Trachemys decussata

(Gray, 1831b)
North Antillean slider

This slider has an elongated oval carapace (to 39 cm) which is moderately domed, has a medial keel, and is serrated posteriorly. Its scutes bear rugosities in the form of longitudinal or radiating ridges. Vertebral 1 is only slightly elevated and is about as long as broad, vertebrals 2-4 are slightly longer than broad or about as long as broad, and vertebral 5 is much wider posteriorly than long. Ground color varies from brown to greenish or olive brown, and usually there is no pattern except in young individuals. The plastron is notched posteriorly, and the gulars do not contain anterior extensions. The plastral formula is: abd > an > pect > gul > fem > hum. Plastral color is yellow with an extensive, obscure, black seam-following pattern. A series of longitudinal black bars or ocelli occur on the yellow bridge. The head is moderate in size with a bluntly rounded, slightly projecting snout, and a medially notched upper jaw. The head is green to olive brown with yellow stripes. At least two of these stripes run backward along the side of the head from the orbit to the neck, and the dorsalmost expands over the tympanum into a supratemporal stripe. There is usually another stripe below these extending from the corner of the mouth to the neck. Jaws are yellow to tan; neck, limbs, and tail are green with yellow stripes.
Males have elongated foreclaws and long, thick tails; the foreclaws and tail of the female are short. The male carapace is flattened while that of the female is more domed.

Trachemys decussata occurs on the West Indian islands of Cuba and Isla de Pinos; it is possibly introduced on Grand Cayman and Cayman Brac.

Geographic Variation
Two subspecies are recognized (Seidel, 1988). Trachemys decussata decussata (Gray, 1831b), the common Cuban slider, is restricted to central and eastern Cuba. It has a broad, to oval or elongated, oblong carapace which may be either moderately domed or flattened. Skin of the soft parts is greenish to olive. Its snout is blunt and rounded, and the plastral markings consist of a dark seam-following pattern. Somewhat flattened individuals occur in the Rio Jobabo in Oriente Province; these were named T. d. plana by Barbour and Carr (1940), but are not presently considered a valid subspecies. T. d. angusta (Barbour and Carr, 1940), the Taco River slider, occurs on western Cuba, Isla de Pinos, and the Cayman Islands. Its elongated carapace is moderately domed, and its skin is grayish brown. Like T. d. decussata, it has a bluntly rounded snout and a faded seam-following plastral pattern.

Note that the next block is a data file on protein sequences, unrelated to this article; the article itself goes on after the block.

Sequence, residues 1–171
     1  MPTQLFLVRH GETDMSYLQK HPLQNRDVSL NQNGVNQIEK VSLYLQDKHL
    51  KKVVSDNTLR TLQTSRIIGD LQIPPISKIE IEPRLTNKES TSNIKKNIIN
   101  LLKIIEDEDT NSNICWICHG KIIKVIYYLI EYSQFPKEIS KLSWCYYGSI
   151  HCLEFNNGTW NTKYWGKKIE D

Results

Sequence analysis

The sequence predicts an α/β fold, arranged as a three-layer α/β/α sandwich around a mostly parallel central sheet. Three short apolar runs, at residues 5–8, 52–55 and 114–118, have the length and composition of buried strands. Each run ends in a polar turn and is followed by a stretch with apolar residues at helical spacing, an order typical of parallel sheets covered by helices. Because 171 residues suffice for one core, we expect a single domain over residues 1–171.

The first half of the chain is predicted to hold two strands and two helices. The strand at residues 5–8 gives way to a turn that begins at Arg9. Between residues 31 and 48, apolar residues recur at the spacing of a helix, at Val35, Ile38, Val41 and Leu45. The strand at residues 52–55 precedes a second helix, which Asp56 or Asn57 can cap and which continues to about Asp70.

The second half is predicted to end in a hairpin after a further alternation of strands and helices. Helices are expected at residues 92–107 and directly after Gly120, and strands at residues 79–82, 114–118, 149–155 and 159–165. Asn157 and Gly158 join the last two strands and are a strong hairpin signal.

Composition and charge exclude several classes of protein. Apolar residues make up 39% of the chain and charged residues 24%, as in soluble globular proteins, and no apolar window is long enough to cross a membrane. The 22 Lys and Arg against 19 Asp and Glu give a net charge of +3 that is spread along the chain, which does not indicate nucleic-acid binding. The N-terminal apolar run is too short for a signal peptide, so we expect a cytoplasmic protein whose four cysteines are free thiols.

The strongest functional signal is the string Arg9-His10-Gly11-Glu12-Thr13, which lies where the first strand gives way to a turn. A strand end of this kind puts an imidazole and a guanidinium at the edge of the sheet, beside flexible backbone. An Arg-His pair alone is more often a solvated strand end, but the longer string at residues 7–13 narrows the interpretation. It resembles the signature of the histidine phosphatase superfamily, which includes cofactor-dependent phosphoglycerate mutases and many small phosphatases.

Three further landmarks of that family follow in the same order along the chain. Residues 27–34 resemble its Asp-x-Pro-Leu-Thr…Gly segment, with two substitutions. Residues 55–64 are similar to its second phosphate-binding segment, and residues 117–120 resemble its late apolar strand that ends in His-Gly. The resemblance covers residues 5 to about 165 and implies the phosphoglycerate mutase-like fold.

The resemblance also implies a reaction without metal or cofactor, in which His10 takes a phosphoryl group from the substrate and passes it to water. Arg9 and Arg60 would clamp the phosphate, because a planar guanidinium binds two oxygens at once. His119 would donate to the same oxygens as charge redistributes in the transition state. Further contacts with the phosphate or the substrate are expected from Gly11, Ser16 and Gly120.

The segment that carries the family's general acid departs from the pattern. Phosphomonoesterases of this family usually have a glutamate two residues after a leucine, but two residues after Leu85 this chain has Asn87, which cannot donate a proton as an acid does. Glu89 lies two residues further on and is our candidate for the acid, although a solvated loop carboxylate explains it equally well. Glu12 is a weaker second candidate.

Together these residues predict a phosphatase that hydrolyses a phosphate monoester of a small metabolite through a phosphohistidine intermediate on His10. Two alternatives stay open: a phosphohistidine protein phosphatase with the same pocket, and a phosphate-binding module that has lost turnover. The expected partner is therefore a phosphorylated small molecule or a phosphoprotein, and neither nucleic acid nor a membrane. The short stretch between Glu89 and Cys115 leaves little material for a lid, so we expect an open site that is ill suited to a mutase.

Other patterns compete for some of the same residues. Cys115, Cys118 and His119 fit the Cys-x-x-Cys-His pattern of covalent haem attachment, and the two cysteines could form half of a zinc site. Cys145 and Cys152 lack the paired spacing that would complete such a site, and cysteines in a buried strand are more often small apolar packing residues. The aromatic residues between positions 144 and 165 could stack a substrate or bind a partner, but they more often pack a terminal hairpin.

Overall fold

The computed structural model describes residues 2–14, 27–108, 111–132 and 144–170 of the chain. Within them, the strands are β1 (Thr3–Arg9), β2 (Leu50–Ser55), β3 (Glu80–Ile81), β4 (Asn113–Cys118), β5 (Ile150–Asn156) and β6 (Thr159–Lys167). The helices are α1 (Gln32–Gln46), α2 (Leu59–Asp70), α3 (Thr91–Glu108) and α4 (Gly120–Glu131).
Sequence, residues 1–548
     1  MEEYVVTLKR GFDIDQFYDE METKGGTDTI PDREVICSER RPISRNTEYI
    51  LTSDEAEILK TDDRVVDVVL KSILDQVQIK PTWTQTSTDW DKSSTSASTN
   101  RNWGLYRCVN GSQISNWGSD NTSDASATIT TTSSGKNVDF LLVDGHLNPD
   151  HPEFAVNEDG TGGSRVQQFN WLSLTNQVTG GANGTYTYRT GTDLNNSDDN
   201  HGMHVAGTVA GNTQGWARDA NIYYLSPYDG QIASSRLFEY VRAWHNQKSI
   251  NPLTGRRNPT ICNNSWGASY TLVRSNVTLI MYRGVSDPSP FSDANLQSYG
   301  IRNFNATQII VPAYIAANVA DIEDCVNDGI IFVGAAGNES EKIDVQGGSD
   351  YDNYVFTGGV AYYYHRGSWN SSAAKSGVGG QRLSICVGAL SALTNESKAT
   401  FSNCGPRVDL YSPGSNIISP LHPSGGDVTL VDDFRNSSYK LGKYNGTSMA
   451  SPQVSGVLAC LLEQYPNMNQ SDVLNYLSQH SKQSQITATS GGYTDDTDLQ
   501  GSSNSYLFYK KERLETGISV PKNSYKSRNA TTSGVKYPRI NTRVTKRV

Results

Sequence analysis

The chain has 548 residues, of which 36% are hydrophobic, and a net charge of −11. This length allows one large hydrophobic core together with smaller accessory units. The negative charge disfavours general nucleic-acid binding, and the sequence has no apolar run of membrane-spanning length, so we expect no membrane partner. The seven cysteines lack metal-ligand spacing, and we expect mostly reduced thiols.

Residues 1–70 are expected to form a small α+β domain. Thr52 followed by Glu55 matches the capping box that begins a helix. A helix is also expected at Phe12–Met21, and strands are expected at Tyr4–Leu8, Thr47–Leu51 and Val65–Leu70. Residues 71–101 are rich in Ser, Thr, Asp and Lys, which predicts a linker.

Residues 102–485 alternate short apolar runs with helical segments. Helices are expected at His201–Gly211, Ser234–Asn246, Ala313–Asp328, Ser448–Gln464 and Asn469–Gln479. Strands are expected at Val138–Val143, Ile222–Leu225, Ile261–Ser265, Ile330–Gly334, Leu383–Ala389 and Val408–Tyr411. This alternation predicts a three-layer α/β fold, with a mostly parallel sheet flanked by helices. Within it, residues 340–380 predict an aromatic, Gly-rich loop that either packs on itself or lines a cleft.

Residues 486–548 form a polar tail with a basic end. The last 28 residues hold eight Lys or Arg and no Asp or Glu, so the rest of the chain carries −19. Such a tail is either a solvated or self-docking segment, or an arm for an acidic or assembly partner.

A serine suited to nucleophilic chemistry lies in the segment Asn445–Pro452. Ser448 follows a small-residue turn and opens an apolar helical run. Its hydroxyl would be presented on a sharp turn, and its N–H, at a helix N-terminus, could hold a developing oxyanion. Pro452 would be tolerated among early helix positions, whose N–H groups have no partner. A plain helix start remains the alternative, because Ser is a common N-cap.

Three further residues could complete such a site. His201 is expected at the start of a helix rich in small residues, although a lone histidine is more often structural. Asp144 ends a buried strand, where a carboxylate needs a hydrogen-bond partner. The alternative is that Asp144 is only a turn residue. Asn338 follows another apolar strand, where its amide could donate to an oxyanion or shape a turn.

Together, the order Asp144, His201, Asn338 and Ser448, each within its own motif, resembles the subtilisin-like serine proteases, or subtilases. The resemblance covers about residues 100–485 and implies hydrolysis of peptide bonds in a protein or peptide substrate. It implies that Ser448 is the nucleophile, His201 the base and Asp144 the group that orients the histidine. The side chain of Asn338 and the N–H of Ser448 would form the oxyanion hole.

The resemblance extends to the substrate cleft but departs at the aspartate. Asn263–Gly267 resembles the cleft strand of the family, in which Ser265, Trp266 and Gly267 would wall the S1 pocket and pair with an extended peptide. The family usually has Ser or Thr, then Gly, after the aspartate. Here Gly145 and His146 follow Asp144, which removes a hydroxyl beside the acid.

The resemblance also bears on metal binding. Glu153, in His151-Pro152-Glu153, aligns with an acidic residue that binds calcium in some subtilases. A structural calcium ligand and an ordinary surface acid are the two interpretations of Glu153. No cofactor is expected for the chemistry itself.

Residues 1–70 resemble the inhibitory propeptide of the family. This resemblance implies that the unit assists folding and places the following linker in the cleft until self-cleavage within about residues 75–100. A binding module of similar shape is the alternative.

This species is an inhabitant of lowland streams, rivers, swamps, and lakes having relatively permanent water, a soft bottom, and abundant aquatic plants. Seidel (1990) also collected T. decussata from a brackish mangrove swamp.

Natural History
Males stroke the sides of the female's face with their elongated foreclaws during courtship. The nesting season probably extends from April into July and hatchlings are expected to appear in July-September (Seidel, 1990). The 31.0-33.5 mm hatchlings are more brightly colored than adults and their medial keel is more pronounced.
Trachemys decussata is omnivorous, feeding on aquatic plants and invertebrates (Seidel, 1990). In captivity, juveniles will accept fish.
Captives readily bask and wild Trachemys decussata also are observed to sun themselves. Barbour and Carr (1940) reported that in Cuba these sliders leave their ponds as they dry up in summer, and aestivate burrowed beneath leafmold in woods, scrub areas, or tall grass.

T. decussata is another of the species of Trachemys in which the males may become progressively melanistic with age. This has caused much confusion, as these dark individuals were once referred to by the specific name rugosa (Shaw, 1802), along with the males of several other Antillean terrapins.

IUCN Red List Status (1996)
Not listed.